This week, the latest GDP figures revealed that the UK economy continues to grow faster than expected, despite the vote to leave the European Union. In fact, in 2016, the UK economy grew faster than any of the other G7 industrialised countries.
But will these good times last? Earlier this month, the prime minister, Theresa May, announced that she intended to leave both the EU's single market and customs union. It was just such a scenario that led to some of the bleakest economic forecasts before the referendum vote. However, economists who argued for a vote to leave the EU are generally sanguine about the future, believing the EU had become a barrier to further economic growth. What should the UK look for in negotiations with the remaining member states of the EU?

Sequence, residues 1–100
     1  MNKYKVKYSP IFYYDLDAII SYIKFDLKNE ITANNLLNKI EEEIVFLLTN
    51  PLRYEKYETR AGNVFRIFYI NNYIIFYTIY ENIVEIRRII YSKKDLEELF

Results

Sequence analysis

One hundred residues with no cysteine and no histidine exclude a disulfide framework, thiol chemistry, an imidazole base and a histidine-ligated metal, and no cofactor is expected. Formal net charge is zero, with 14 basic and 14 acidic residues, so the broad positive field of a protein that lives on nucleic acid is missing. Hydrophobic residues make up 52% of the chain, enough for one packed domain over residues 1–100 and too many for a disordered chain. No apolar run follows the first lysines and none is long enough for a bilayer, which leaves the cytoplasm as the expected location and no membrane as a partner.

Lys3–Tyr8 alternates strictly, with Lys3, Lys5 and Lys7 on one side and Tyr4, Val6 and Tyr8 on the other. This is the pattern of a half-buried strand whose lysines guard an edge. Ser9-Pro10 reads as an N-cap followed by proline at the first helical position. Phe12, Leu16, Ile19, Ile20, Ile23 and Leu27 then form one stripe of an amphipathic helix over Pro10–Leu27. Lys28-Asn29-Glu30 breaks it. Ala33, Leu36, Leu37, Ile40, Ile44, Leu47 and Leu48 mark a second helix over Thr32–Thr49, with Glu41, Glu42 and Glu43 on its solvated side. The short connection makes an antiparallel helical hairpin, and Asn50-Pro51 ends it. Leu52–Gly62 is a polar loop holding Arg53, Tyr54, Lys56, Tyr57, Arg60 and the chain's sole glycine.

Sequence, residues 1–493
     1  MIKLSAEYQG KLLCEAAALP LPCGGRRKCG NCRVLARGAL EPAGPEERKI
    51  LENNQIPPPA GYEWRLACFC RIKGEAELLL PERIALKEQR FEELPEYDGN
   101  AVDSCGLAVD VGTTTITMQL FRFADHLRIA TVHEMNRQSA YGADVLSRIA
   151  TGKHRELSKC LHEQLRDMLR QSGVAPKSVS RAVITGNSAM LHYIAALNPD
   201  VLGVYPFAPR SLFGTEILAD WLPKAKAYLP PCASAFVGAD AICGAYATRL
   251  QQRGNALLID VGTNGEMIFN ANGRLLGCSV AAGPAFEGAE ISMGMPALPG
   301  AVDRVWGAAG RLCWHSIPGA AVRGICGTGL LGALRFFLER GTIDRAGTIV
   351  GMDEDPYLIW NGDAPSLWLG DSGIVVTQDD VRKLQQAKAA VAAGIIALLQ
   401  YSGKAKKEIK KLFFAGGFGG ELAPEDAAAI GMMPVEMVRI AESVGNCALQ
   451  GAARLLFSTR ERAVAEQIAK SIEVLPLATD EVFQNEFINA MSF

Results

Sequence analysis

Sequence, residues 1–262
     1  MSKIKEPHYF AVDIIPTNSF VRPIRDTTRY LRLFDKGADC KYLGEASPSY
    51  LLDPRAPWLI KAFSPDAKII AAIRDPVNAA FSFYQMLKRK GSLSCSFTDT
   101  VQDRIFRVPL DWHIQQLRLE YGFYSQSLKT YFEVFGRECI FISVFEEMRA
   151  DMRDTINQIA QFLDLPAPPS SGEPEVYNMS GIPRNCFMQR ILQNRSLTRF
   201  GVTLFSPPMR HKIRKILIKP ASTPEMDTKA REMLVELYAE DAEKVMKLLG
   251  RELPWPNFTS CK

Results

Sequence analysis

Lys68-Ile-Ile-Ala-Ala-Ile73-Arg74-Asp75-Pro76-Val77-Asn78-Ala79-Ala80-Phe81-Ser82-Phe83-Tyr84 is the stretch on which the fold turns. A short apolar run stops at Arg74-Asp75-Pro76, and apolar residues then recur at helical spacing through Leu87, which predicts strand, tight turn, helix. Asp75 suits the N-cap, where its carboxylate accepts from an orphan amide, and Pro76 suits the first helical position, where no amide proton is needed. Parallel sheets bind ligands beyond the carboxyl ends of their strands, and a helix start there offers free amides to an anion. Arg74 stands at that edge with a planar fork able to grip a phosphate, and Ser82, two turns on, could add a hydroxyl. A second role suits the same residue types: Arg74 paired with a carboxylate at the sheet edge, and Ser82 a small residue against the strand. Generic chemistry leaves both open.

In any event, are things really so rosy? At a time when all the major economies are struggling, are the latest growth figures a sign of a robust economy or do they simply leave the UK as, temporarily at least, the strongest of an increasingly feeble bunch? Are there more fundamental questions to be asked about the possibilities for creating wealth for everyone in the future, like questioning the poor productivity of the UK economy? Are questions about our relationship with Europe really just a sideshow to more deep-rooted problems?
former deputy chairman of Transport for London; Conservative Councillor; co-chairman, Urban Design London
economist and business manager; author, <em>Creative Destruction: How to start an economic renaissance</em> (forthcoming)
Merryn Somerset Webb
Editor in Chief, <em>MoneyWeek</em>
partner, Ashcombe Advisers LLP; author, The Abolition of Deposit Insurance